Charter’s Running A Fake Consumer Group In Maine That’s Killing Community Broadband–With The Help Of A Democratic Advisor

from the astroturf-ahoy dept

For decades, entrenched U.S. regional monopolies have refused to deliver affordable, reliable, fast broadband in any sort of uniform way. That’s just kind of how monopolies work.

In response, roughly a thousand towns and cities have decided to build their own broadband networks instead, either themselves, via a local cooperative, through a city-owned utility, or in partnership with an outside private company. Instead of pre-empting such efforts by trying harder, regional monopolies have turned instead to lawsuits, dirty tricks, shitty ghost written legislation, and astroturf.

Case in point: Maine is home to a number of different popular, bipartisan community broadband efforts. But through a fake consumer group dubbed Alliance for Quality Broadband, Charter Communications (Spectrum) has been successfully scaring locals into voting against them.

The arguments are the same the industry has used for years: that community broadband is an automatic taxpayer boondoggle (false), that the U.S. broadband industry is perfectly healthy so these kinds of efforts aren’t necessary (false), and that towns and cities will fall into economic ruin if they try to fix the problem (in fact there’s billions in new infrastructure grant money for towns and cities looking to shore up access).

Spectrum, of course, holds a monopoly in many of the Maine towns and cities that are considering building new networks. It can’t just make these arguments as itself because everybody hates their local cable and broadband monopoly and knows it’s full of shit. So Charter (like AT&T and Comcast) creates fake groups with a bunch of partners to give the impression that their argument has widespread support:

But in Maine, many of the group’s purported partners, including the Maine Chamber of Commerce, were surprised to find themselves listed as members of the group:

“I wasn’t aware of the flier, or the effort, or the content,” said Dana Connors, president of the Maine State Chamber of Commerce, which is part of the Alliance for Quality Broadband member coalition. “I haven’t even seen it.”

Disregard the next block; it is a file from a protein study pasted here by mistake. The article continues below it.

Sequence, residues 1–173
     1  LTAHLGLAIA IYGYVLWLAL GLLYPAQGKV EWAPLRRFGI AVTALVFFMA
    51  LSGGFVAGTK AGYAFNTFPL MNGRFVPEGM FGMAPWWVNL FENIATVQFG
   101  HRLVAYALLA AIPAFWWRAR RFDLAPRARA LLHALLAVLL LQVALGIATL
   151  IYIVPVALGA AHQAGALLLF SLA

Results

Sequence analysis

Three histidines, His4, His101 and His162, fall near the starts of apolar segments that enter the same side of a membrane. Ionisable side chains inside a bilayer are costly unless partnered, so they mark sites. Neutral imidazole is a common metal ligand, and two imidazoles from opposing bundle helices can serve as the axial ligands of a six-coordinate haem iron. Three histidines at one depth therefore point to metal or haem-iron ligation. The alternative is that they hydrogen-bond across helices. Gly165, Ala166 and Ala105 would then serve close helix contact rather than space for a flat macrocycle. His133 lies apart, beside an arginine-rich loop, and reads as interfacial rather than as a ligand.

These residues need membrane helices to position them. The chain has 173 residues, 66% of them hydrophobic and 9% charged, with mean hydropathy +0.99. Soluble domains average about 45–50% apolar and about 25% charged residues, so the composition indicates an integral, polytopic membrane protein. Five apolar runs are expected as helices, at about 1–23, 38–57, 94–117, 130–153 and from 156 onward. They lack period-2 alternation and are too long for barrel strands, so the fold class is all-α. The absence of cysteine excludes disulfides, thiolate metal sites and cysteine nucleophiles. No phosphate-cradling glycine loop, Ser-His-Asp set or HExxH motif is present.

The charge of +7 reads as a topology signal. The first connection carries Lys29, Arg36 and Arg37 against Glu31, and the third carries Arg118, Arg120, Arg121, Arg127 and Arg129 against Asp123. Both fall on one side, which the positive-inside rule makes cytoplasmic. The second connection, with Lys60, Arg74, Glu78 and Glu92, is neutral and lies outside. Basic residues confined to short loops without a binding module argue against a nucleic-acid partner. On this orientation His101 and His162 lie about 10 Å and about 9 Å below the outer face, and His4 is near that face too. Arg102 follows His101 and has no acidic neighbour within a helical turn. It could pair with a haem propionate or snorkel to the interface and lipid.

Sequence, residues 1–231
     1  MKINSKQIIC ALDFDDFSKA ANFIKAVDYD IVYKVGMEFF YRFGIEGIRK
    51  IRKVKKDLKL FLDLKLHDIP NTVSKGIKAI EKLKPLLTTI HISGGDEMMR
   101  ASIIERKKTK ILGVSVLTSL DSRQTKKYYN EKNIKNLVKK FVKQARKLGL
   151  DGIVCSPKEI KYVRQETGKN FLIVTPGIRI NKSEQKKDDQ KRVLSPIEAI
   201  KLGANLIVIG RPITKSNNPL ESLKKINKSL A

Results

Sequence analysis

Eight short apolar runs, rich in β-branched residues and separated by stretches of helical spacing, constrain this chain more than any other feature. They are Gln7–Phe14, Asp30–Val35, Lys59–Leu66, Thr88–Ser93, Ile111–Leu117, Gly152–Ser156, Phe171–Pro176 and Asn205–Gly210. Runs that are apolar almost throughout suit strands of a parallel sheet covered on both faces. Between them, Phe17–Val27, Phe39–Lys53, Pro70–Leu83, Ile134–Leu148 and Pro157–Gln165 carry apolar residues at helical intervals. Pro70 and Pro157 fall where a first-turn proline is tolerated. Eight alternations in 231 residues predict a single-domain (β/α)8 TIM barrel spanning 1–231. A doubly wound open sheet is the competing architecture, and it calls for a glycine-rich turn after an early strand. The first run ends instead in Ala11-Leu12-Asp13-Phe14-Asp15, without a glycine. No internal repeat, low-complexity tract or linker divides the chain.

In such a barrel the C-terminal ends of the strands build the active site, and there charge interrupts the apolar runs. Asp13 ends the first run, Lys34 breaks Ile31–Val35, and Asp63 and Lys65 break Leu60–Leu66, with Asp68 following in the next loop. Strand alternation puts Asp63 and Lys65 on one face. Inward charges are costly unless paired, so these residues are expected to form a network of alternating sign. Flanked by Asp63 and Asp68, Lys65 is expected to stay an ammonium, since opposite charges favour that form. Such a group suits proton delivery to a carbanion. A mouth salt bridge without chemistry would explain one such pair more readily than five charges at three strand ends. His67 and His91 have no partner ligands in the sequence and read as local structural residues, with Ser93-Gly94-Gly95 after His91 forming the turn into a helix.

The majority of Maine towns don’t require campaign finance reports for influence efforts on local referendums. So a company like Charter can come to town, spend an unlimited amount of money confusing regional voters under any number of bogus names and organizations, and there’s no real transparency or accountability for any of it.

In this instance, the Charter astroturf campaign is being run by former to Democratic advisor BJ McCollister, according to Maine Public Radio. When pressed, like any good astroturfing foot soldier, McCollister tries to downplay Charter’s involvement and makes some fleeting, feel good references to his brave and noble dedication to bridging the “digital divide.”

While community broadband has broad, bipartisan support, many such propaganda projects play into fears that community broadband is “socialism run amok.” Many such towns are already running on limited budgets, so they can’t meet a monopoly’s lobbying team on equal footing and diffuse falsehoods spread by regional monopolies.

As such, it’s not that hard for a monopoly to spend a few hundred thousand to scuttle such a vote. That’s great for them, as it saves them millions in potential competitive headaches, but it can often wind up hurting the taxpayers these bogus groups pretend to be so breathlessly concerned about:

And last week, arguments to scuttle the project proved narrowly persuasive in a town vote. Now, Southport has to eat the roughly $600,000 it paid in upfront costs, while returning a $400,000 grant it received from the state’s broadband program.

There’s a lot of grant money coming into towns and cities courtesy of COVID relief and infrastructure bills, and U.S. regional monopolies like Charter, AT&T, Comcast, Verizon, and Frontier are very busy trying to ensure it all goes to them–and not any potential competitors, whatever form they take.

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Companies: charter communications, charter spectrum

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Comments on “Charter’s Running A Fake Consumer Group In Maine That’s Killing Community Broadband–With The Help Of A Democratic Advisor”

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john says:

So they committed fraud, in relation to an election that has a material effect on the outcome.
Time to criminally charge the fuck out of them, and re-run the vote, making sure that the reason its being re-run is that an industry lobby group was committing fraud and deception to influence the election in their favor. It almost certainly won’t end up well for them.

They’ll stop pulling that trick when that happens once or twice (of course, that might be because they have felony convictions and can’t be involved any more)

That One Guy (profile) says:

'Down with the free market, we- I mean Charter's great!'

The fact that they’re downplaying their own involvement should be a big enough red flag to immediately discount anything the groups says as it shows even they can see the huge conflict of interest in funding a group with the design of ensuring that they are the only option for internet service in town.

Bob says:


Of course, it doesn’t help that most American consumers are, by and large, fairly ignorant of what’s going on around them. They would rather watch my numbing TV then keep abreast of what’s going on in their community, much less than nation. Basically American voters and citizens are other ignorant or misinformed. And unfortunately they are pre-programmed to be biased against anything that’s labeled as socialist

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